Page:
Written by: Mike Langhorne
Back in 1960 when I bought my first Proms Prospectus it cost sixpence and the price had been the same since at least 1945. It was a modest publication totalling thirty-six pages, only seven of which were advertisements. This year’s Guide boasts more than 180 pages, fifty of which are advertising and the cover price is £7.00 – more than the cost of a promenading place.
Many changes have occurred over the intervening years. The Proms have morphed from a pretty domestic series – proud of its British origins and only employing native conductors, holding fast to many deeply ingrained traditions, beloved of Sir Henry Wood – to an international festival.
For in 1960 along came William Glock as Director and after a couple of years fighting BBC bureaucracy, and Lady Jessie Wood, he managed by 1963 to launch a season that became the foundation for what we have been enjoying ever since – including world-renowned musicians and a much-wider repertoire of music.
However, the Prospectus continued to be a pretty functional affair, limiting itself to listings, details of ticket purchasing and advice on attendance: only rising in price in line with inflation. In 1979 things began to change. Articles introduced the season’s major works and performers, visual appeal became more central and the publication became a commercial success clocking up a profit.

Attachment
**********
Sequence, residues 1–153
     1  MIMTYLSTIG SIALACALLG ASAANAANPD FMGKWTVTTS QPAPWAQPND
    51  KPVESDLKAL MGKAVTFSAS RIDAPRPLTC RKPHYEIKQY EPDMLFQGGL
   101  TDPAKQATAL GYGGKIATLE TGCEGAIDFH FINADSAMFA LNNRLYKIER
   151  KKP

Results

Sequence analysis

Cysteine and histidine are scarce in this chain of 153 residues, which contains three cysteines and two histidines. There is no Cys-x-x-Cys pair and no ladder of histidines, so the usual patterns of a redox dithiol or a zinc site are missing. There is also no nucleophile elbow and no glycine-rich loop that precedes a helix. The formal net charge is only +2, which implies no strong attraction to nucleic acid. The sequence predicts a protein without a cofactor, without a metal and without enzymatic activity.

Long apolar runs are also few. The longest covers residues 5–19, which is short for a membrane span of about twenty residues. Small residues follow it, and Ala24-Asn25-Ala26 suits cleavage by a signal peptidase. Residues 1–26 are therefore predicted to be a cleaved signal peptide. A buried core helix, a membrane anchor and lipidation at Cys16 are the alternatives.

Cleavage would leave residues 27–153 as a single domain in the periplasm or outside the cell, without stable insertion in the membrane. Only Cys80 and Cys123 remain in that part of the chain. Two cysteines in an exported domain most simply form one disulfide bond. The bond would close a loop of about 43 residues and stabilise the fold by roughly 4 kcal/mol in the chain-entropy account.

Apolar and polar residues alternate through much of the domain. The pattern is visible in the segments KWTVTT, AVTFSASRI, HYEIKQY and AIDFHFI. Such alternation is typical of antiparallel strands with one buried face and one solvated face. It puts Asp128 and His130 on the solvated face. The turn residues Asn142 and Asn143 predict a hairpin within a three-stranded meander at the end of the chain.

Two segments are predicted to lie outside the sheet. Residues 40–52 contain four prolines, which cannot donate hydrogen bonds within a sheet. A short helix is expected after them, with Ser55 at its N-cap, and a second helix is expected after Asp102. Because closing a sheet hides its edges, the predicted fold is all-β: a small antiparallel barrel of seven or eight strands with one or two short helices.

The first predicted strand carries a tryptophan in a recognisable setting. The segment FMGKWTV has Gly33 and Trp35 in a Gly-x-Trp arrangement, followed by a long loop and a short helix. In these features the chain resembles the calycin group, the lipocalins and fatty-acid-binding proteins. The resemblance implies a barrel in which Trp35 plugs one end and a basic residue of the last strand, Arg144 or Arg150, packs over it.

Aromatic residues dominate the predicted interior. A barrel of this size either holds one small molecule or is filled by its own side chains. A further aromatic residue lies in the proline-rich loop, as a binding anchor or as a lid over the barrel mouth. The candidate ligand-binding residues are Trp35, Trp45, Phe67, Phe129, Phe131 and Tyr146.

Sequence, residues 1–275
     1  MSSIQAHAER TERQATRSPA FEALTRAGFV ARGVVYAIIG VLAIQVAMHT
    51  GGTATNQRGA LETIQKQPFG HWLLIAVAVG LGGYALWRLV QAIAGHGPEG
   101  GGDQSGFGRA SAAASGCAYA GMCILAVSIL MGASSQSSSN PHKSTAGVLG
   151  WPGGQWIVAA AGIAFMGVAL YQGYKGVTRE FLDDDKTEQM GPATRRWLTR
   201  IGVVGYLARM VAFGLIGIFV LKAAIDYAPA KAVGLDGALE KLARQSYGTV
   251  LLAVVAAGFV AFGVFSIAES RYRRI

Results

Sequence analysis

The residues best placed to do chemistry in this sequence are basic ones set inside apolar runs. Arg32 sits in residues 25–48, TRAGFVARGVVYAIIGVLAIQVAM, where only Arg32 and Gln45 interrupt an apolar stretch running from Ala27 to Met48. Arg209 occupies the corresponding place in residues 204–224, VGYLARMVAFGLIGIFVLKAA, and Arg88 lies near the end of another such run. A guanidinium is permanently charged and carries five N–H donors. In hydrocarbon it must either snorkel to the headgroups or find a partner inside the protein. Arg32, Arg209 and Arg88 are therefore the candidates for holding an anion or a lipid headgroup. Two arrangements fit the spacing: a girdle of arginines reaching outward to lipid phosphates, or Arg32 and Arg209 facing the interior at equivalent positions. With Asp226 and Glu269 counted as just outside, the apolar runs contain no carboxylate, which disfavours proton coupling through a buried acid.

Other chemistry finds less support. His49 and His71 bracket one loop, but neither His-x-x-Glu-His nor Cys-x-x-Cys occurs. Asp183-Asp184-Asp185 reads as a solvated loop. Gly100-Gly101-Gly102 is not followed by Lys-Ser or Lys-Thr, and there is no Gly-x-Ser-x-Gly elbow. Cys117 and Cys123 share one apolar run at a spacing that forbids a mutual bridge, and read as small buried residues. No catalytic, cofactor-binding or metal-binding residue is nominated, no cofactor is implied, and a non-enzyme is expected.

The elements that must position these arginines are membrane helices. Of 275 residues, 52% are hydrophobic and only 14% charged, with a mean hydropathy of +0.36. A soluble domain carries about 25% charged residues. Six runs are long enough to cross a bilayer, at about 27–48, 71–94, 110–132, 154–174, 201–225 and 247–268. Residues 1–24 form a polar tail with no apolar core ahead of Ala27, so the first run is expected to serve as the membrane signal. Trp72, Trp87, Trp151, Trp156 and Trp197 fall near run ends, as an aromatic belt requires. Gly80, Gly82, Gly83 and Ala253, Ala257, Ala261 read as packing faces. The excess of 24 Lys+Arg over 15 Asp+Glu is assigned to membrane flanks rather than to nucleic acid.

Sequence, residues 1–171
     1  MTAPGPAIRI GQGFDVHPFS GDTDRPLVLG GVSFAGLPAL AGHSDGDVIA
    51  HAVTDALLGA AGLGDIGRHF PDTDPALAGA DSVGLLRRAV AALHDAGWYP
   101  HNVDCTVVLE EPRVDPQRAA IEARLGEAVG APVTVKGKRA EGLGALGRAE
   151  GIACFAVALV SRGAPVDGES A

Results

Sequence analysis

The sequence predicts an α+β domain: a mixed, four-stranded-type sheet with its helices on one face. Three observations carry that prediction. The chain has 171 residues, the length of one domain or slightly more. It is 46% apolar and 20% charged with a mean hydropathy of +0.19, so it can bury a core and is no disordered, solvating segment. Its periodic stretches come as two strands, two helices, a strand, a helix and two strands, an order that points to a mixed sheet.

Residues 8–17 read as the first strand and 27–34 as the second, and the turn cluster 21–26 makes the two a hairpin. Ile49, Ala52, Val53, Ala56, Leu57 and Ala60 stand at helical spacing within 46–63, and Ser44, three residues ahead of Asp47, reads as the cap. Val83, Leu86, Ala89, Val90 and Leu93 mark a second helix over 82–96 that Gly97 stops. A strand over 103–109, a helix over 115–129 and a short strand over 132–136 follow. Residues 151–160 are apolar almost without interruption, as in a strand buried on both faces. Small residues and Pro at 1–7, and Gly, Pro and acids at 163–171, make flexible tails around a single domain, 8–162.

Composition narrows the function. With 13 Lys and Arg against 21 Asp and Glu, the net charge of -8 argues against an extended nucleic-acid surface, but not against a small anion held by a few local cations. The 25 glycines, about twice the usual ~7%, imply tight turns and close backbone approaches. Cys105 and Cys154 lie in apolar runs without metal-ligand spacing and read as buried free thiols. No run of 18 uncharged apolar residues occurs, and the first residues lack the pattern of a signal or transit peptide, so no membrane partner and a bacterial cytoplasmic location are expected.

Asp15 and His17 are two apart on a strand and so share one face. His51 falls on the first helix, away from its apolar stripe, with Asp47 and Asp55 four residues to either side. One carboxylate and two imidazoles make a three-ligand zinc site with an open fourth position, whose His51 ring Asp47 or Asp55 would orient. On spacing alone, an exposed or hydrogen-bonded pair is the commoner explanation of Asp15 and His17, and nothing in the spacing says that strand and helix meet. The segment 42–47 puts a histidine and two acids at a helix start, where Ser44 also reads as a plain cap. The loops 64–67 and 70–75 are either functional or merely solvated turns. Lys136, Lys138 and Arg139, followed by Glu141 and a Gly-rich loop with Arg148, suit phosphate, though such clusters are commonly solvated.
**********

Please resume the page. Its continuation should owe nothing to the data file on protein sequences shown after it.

The Guide then expanded some more to become a season’s literary companion. As each year passed production-values increased, with a mix of heavy-duty gloss paper and matt stock employed, and colour illustrations and eye-catching design became a feature. At the same time the amount of advertising and the asking-price increased.
As a quality if pretty expensive product, containing erudite articles and of course full listings, 2017’s edition cannot be faulted. Given its size and weight you won’t be able to pop it into your pocket while queuing for the Royal Albert Hall’s Arena, but as a coffee-table enhancement it does a good job, but I sort of hanker for the old versions which told you what you really wanted to know. Of course basic information can be obtained online for nothing, so perhaps the Guide fulfils a different purpose now.
One shouldn’t quibble about the Proms concerts themselves, though, a magnificent achievement on the part of the BBC whose contribution to, and broadcasting of, classical music is unparalleled.
Long live the Proms – a large part of my life for nearly sixty years!